But…I noticed on LinkedIn the president and I are members in the same LinkedIn Group, so I went to the Group page, searched for him there, found his listing, and messaged him as a privilege from our mutual association with the Group.

Yes, you can do that too.

Me to him, person-to-person, asking for him to intervene, in a business-like manner, on LinkedIn.

Long story short, you can message anyone on LinkedIn if you share a similar group, even if you are not directly 1st level connected to him/her, and you don’t want to use an InMail.


From this saga perhaps you learned a new way to approach people in an alternative LinkedIn way you had not known about previously.

I didn’t give up and wiggle like a wet noodle.

I used a teaspoon from my special sauce of LinkedIn best practices.



Today's LinkedIn Nugget

I’ll eat what he’s eating

No, not a spoof on “When Harry Met Sally,” but an image of all us paleopreneurs eating from the same catch of the day: from the hunt for more new business. I’ve written about this topic before. Yes, a different focus this time, but the topic is primal. Perhaps you’d like to sink your teeth into it:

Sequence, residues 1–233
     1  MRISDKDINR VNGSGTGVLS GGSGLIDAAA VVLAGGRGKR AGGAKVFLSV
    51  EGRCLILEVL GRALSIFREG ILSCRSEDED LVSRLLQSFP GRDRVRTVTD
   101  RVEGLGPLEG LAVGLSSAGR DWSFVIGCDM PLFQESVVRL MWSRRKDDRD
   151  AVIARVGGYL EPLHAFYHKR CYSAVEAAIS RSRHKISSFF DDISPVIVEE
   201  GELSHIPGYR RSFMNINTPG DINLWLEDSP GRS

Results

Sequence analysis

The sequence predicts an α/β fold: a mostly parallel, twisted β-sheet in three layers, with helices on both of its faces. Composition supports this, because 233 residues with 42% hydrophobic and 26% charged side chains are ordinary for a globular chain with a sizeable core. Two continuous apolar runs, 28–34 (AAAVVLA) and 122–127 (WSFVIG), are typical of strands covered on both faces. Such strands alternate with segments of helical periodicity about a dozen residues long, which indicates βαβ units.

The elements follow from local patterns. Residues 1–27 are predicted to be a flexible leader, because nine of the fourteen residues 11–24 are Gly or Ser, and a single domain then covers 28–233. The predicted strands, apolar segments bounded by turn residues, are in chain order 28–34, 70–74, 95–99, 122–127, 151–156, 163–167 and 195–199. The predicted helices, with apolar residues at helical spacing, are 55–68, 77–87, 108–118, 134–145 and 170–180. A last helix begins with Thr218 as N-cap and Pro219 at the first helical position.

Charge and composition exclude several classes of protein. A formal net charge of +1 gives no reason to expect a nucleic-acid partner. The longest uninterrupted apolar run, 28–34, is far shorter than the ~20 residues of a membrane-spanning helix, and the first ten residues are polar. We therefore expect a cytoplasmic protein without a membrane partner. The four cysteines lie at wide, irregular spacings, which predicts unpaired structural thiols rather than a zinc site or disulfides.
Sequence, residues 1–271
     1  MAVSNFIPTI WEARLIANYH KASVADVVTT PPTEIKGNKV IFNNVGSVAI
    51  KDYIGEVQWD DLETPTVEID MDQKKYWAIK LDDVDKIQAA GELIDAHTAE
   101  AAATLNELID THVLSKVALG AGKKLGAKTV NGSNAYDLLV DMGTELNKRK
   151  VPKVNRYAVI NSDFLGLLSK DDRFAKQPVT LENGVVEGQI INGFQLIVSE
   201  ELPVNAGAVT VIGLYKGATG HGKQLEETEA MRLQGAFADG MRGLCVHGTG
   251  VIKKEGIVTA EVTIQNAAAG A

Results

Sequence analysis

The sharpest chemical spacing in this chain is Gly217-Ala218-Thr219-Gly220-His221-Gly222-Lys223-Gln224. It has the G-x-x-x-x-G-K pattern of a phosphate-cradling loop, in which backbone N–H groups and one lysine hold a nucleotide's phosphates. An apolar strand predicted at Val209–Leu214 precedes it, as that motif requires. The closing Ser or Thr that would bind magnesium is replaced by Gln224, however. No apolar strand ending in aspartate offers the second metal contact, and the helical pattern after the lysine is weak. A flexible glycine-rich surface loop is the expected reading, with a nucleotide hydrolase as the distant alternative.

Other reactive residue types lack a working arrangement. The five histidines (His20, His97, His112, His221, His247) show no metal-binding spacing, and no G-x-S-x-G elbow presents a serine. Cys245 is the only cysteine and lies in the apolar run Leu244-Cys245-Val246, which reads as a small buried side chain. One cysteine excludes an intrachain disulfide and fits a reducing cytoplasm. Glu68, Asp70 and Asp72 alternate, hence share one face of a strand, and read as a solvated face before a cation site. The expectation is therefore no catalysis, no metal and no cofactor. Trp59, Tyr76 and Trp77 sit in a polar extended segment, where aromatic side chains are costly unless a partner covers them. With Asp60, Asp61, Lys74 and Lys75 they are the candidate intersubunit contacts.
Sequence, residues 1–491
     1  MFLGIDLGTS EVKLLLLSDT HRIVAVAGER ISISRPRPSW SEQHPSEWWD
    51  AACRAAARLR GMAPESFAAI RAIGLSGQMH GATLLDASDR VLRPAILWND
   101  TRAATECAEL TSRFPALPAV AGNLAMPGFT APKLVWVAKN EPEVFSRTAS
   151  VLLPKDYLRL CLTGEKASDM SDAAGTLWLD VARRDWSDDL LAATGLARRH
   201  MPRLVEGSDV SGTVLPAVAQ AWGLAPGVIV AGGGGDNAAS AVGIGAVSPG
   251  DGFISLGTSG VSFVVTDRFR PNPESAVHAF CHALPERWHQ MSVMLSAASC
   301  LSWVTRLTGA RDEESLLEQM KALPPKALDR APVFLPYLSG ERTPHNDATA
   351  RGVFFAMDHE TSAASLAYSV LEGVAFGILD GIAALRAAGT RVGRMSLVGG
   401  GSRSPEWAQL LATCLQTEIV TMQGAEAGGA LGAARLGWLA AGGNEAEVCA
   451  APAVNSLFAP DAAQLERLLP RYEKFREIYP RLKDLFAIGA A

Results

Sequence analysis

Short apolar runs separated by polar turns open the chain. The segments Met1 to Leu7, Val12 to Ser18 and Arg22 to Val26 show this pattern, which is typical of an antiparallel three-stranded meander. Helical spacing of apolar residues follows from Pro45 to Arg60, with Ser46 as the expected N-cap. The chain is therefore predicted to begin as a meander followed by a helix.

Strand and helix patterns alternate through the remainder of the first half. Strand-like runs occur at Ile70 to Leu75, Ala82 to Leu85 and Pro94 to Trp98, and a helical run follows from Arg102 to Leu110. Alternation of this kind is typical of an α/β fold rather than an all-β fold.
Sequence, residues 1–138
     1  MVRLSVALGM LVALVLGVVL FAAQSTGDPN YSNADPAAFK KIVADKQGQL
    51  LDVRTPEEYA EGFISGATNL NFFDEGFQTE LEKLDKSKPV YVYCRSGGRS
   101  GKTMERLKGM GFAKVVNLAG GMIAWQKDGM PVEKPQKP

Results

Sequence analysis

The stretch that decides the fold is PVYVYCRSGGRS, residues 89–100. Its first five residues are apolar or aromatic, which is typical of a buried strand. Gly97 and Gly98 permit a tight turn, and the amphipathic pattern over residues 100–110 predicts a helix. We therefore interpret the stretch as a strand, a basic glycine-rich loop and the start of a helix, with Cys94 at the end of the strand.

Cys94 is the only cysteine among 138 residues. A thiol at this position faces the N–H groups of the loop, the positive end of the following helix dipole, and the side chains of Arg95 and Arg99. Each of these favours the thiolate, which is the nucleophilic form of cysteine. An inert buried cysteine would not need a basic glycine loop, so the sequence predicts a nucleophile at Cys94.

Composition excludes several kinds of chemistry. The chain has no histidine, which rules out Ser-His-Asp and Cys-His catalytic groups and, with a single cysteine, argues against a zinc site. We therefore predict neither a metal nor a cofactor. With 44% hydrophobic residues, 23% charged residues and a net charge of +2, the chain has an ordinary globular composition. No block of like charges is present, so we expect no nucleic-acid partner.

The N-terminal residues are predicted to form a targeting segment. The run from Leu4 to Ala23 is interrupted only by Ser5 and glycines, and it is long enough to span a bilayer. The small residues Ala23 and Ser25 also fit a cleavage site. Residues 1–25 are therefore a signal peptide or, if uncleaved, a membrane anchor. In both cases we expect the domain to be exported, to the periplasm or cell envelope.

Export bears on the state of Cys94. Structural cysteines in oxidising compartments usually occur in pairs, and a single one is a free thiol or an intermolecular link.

Two (or more) paleopreneurs can share the goodies from the catch. Often bringing in fellow experts to collaborate with is twice/thrice/more the creative fun.

In a recent episode from my e-payments sublife, a long-time client asked my amazing (!) webdeveloper and me to an open-ended conference call with three of their top brass. The goal: to hatch a new theme for their next fundraiser, which has to be virtual, instead of in-person as was had held in the past.

One question and answer volley which I will never forget:

Their Executive Director: “Have you had much experience with other clients providing virtual fundraising in this pandemic?”

My colleague, nonplussed: “All our fundraising programming for you and our other clients always has occurred virtually, right?”

BINGO! He nailed it.